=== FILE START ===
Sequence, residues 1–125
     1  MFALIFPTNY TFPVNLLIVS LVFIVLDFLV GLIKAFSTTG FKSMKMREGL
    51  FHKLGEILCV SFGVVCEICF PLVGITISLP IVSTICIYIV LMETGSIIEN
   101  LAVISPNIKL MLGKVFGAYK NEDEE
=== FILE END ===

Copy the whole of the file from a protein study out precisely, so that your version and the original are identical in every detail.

Sequence, residues 1–125
     1  MFALIFPTNY TFPVNLLIVS LVFIVLDFLV GLIKAFSTTG FKSMKMREGL
    51  FHKLGEILCV SFGVVCEICF PLVGITISLP IVSTICIYIV LMETGSIIEN
   101  LAVISPNIKL MLGKVFGAYK NEDEE